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Nebulizer Use For Children
WHAT YOU NEED TO KNOW:
What is a nebulizer?
A nebulizer is a device that turns liquid medicine into a mist. The medicine may be an antibiotic or medicine for your child's lungs. The nebulizer is usually connected to a machine that pushes air through the nebulizer. The air helps turn the medicine into a mist. As your child breathes, the mist of medicine gets into his lungs. When a nebulizer is used it is called a breathing treatment or nebulizer treatment.
Why does my child need breathing treatments?
Breathing treatments are used to treat the swelling in your child's airway, shortness of breath, coughing, and wheezing. These can be caused by any of the following:
- Chronic respiratory diseases, such as asthma and cystic fibrosis
- Lung infections, such as pneumonia
- Severe allergic reactions
How might my child receive a breathing treatment?
The way your child receives nebulized medicine depends on his age and coordination. It also depends on your child's ability to understand how to use the device. A breathing treatment may be given in any of the following ways:
- A face mask may be used for children of all ages. It should cover your child's nose and mouth completely.
- A mouthpiece may be used by children older than 4 years old. Your child places the mouthpiece between his lips. He breathes in and out through his mouth.
- A nasal cannula may be used for babies and children up to 4 years old. The nasal cannula prongs are placed in your child's nose. A high flow of air pushes the medicine through your child's nose and into his lungs.
- Blow-by technique may be used if your young child is crying or irritated. It allows treatment to be given when your child will not cooperate. With blow-by, the mask is held away from your child's face. The mist is directed toward your child's mouth and nose.
How do I prepare the nebulizer for my child's breathing treatment?
- Wash your hands. Use soap and water. Always wash your hands, or have your child wash his hands, before preparing the nebulizer for use.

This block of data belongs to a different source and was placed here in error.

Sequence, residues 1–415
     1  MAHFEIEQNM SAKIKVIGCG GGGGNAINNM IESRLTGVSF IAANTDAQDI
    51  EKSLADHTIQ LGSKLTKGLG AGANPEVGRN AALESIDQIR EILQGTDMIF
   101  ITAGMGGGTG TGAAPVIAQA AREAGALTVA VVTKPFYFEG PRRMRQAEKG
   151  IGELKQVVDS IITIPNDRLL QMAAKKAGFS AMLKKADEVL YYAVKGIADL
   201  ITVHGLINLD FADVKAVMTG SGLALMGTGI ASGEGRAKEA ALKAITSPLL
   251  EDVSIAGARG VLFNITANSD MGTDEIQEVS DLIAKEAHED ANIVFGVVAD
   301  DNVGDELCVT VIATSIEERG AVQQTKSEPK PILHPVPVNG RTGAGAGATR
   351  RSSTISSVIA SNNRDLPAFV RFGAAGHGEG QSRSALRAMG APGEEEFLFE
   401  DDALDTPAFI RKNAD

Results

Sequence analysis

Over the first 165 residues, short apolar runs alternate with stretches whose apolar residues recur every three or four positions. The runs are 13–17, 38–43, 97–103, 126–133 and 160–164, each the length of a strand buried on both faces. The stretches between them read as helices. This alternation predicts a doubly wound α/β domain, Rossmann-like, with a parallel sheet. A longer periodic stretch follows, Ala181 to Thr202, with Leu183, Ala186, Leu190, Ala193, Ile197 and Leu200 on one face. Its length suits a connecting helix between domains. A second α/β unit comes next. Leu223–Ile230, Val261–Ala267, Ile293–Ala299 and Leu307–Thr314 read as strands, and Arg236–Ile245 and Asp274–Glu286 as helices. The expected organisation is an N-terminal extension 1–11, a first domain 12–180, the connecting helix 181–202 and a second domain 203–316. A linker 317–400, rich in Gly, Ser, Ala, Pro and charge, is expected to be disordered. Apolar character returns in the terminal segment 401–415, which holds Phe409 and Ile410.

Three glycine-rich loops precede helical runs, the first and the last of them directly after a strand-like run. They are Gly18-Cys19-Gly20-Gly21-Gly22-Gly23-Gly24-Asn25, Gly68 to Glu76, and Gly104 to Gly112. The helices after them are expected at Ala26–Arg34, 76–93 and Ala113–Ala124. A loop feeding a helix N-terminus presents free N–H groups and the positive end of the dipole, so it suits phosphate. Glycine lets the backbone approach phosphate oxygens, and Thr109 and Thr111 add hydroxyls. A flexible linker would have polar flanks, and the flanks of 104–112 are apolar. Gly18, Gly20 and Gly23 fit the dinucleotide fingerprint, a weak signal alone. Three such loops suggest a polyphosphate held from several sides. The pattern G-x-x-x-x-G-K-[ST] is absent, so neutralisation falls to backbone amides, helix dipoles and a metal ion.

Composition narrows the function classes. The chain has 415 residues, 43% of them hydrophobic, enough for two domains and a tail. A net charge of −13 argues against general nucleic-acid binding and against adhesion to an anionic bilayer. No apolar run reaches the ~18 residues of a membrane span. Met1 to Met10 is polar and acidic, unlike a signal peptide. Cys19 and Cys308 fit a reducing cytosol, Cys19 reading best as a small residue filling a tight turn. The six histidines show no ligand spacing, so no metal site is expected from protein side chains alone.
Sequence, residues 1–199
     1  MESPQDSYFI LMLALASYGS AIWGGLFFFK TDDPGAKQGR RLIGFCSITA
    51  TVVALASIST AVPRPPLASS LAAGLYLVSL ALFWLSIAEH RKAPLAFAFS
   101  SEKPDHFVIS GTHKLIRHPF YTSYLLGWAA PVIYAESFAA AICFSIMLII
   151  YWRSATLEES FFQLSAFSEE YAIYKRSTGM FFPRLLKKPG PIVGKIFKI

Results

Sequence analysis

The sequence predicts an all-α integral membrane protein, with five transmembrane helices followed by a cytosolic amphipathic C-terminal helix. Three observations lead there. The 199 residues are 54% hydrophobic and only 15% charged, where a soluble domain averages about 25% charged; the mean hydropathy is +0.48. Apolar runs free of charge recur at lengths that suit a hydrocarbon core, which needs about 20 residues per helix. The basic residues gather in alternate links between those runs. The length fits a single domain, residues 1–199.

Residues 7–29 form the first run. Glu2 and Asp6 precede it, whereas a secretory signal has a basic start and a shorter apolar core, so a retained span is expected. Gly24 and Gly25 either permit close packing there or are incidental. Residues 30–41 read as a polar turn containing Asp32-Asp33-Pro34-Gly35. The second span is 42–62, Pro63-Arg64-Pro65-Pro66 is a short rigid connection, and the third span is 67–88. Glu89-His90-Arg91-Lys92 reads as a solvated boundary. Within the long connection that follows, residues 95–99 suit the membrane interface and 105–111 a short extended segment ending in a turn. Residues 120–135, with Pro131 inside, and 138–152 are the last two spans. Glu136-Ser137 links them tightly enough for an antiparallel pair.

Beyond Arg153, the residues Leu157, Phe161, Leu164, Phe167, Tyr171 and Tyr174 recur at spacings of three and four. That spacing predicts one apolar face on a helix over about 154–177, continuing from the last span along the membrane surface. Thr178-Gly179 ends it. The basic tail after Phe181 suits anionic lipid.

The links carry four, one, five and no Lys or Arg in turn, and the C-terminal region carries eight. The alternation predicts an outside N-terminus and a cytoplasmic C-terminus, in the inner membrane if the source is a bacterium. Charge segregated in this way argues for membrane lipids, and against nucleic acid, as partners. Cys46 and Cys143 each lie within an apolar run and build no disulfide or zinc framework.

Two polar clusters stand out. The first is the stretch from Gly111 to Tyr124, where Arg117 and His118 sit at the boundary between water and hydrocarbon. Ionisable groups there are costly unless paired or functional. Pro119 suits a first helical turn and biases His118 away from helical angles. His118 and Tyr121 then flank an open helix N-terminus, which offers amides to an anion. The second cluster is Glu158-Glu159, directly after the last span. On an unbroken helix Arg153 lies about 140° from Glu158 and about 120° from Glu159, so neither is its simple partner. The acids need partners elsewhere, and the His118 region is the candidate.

- Prepare the machine for your child. Place the machine on a hard surface. Check to see if the air filter is clean. If it is dirty, rinse it using cold water and let it air dry. Plug in the machine.
- Prepare the medicine. If your child's medicine is premixed, open it and place it in the nebulizer medicine container. If you have to mix medicines, place the correct amounts into the container using a dropper or syringe.
- Add saline if needed. You may need to add saline (saltwater) to your child's medicine container. Buy sterile normal saline at a pharmacy. Do not use homemade saline solution in a nebulizer.
- Connect the container. Connect the medicine container to the machine using the tubing. Connect the mask or mouthpiece to the top of the container.
How should I give my child a breathing treatment?
- Place the mask on your child's face. You may need to distract an infant or younger child during the treatment. Distraction, such as a movie or favorite toy, may help to keep him from removing the mask.
- Have your older child place the mouthpiece in his mouth. Make sure the mouthpiece is between your child's teeth and his lips are closed around it. Your child should breathe in and out slowly through his mouth until all the medicine is gone.